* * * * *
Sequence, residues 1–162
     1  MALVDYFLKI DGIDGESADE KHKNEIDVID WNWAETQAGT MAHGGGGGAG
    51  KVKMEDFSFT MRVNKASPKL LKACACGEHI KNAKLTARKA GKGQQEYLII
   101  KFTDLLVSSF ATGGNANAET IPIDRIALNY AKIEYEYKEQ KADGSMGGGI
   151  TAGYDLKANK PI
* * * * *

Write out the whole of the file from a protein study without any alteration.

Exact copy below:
Sequence, residues 1–162
     1  MALVDYFLKI DGIDGESADE KHKNEIDVID WNWAETQAGT MAHGGGGGAG
    51  KVKMEDFSFT MRVNKASPKL LKACACGEHI KNAKLTARKA GKGQQEYLII
   101  KFTDLLVSSF ATGGNANAET IPIDRIALNY AKIEYEYKEQ KADGSMGGGI
   151  TAGYDLKANK PI